Footnotes

[364] Gibbon, vol. iv. p. 111. Milman's ed. [365] Life of St. John Chrysostom, by W. R. W. Stephens, pp. 101-3, 3d ed.


Homilies on St. Ignatius and St. Babylas.

eulogy.

On the holy martyr Saint Ignatius, the god-bearer, [366] arch-bishop of Antioch the great, who was carried off to Rome, and there suffered martyrdom, and thence was conveyed back again to Antioch.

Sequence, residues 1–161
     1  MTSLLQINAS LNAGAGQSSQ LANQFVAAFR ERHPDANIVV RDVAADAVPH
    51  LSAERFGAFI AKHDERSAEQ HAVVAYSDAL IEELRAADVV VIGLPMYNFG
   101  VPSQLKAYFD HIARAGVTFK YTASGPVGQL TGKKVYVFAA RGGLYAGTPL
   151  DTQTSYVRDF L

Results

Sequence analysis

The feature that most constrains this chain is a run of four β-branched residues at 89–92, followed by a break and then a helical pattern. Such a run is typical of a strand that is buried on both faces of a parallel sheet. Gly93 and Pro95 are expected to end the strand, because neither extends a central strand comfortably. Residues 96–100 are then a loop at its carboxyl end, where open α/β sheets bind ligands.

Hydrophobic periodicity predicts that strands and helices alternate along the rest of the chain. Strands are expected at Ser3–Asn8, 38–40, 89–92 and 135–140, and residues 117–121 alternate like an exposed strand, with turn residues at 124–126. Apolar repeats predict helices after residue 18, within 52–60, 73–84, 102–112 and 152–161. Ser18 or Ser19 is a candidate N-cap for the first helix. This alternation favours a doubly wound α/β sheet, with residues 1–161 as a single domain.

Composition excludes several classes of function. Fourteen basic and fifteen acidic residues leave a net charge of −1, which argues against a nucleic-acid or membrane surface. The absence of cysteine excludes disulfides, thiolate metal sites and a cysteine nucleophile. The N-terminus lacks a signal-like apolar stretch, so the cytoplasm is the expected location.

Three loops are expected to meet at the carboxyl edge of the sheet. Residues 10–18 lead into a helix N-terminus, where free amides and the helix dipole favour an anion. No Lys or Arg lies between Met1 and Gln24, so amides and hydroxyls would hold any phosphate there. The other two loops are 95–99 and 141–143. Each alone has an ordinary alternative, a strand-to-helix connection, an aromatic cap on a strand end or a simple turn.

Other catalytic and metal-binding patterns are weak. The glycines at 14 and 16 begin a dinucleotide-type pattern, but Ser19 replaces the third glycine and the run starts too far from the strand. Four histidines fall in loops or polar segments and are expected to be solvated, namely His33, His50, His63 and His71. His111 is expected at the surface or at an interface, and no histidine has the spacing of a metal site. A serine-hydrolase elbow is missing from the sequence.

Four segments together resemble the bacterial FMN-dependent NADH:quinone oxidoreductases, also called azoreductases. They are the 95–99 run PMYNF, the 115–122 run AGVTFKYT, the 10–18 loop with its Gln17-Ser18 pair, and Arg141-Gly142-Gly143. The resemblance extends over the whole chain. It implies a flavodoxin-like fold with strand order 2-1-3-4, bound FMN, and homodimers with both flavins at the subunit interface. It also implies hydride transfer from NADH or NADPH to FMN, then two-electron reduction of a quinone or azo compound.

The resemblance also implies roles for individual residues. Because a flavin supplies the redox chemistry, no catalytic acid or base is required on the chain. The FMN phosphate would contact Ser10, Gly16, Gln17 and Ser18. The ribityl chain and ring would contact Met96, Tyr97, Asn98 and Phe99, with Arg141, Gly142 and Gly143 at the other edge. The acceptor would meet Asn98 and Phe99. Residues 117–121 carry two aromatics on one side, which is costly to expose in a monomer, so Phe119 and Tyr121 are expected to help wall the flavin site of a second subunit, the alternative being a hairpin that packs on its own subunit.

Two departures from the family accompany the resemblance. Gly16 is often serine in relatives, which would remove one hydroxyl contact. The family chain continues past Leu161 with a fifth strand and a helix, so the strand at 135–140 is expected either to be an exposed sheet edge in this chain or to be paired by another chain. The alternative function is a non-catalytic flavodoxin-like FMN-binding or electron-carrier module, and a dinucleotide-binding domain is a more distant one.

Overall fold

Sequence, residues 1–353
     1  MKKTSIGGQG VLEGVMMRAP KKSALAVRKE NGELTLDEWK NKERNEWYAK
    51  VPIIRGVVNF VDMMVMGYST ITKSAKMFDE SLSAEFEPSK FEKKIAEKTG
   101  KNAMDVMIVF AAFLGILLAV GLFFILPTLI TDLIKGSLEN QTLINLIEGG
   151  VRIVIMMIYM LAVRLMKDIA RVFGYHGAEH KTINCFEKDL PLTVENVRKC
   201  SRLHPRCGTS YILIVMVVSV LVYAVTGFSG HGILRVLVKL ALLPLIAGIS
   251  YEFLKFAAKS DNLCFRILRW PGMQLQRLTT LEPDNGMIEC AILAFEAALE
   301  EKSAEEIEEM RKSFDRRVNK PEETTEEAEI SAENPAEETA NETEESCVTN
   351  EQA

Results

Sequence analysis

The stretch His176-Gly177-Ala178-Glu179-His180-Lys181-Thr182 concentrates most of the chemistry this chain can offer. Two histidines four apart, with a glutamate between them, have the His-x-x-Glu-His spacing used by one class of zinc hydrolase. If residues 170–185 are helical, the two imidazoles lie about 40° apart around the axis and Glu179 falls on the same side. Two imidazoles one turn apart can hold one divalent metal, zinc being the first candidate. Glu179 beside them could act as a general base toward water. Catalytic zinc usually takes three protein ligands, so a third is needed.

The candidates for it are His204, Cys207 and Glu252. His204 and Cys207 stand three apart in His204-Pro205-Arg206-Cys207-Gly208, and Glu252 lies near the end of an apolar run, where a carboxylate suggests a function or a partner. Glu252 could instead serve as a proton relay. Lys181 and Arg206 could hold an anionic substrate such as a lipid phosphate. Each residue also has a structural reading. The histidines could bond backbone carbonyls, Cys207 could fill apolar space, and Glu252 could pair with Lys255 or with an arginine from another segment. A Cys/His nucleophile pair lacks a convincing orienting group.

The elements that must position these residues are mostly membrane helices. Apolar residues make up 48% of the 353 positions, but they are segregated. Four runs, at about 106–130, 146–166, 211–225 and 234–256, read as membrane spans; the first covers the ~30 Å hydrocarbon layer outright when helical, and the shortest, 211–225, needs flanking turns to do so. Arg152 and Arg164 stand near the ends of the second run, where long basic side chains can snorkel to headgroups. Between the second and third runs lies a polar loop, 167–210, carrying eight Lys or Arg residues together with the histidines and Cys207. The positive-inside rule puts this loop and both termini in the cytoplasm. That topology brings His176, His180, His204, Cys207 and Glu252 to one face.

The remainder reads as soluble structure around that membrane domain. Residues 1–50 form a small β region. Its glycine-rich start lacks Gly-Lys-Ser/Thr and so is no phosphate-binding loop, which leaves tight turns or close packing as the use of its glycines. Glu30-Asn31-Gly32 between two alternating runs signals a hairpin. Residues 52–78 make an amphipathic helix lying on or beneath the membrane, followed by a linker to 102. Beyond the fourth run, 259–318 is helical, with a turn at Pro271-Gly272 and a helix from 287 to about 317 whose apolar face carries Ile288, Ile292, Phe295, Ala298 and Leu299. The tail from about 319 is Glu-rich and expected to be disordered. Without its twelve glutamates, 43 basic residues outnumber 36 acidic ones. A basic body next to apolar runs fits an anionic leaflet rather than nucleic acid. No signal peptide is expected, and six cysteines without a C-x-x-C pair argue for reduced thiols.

1. Sumptuous and splendid entertainers give frequent and constant entertainments, alike to display their own wealth, and to show good-will to their acquaintance. So also the grace of the Spirit, affording us a proof of his own power, and displaying much good-will towards the friends of God, sets before us successively and constantly the tables of the martyrs. Lately, for instance, a maiden quite young, and unmarried, the blessed martyr Pelagia, entertained us, with much joy. To-day again, this blessed and noble martyr Ignatius has succeeded to her feast. The persons are different: The table is one. The wrestlings are varied: The crown is one. The contests are manifold: The prize is the same. For in the case of the heathen contests, since the tasks are bodily, men alone are, with reason, admitted. But here, since the contest is wholly concerning the soul, the lists are open to each sex, for each kind the theatre is arranged. Neither do men alone disrobe, in order that the women may not take refuge in the weakness of their nature, and seem to have a plausible excuse, nor have women only quitted themselves like men, lest the race of men be put to shame; but on this side and on that many are proclaimed conquerors, and are crowned, in order that thou mayest learn by means of the exploits themselves that in Christ Jesus neither male nor female, [367] neither sex, nor weakness of body, nor age, nor any such thing could be a hindrance to those who run in the course of religion; if there be a noble readiness, and an eager mind, and a fear of God, fervent and kindling, be established in our souls. On this account both maidens and women, and men, both young and old, and slaves, and freemen, and every rank, and every age, and each sex, disrobe for those contests, and in no respect suffer harm, since they have brought a noble purpose to these wrestlings. The season then already calls us to discourse of the mighty works of this saint. But our reckoning is disturbed and confused, not knowing what to say first, what second, what third, so great a multitude of things calling for eulogy surrounds us, on every side; and we experience the same thing as if any one went into a meadow, and seeing many a rosebush and many a violet, and an abundance of lilies, and other spring flowers manifold and varied, should be in doubt what he should look at first, what second, since each of those he saw invites him to bestow his glances on itself. For we too, coming to this spiritual meadow of the mighty works of Ignatius, and beholding not the flowers of spring, but the manifold and varied fruit of the spirit in the soul of this man, are confused and in perplexity, not knowing to which we are first to give our consideration, as each of the things we see draws us away from its neighbours, and entices the eye of the soul to the sight of its own beauty. For see, he presided over the Church among us nobly, and with such carefulness as Christ desires. For that which Christ declared to be the highest standard and rule of the Episcopal office, did this man display by his deeds. For having heard Christ saying, the good shepherd layeth down his life for the sheep, [368] with all courage he did lay it down for the sheep.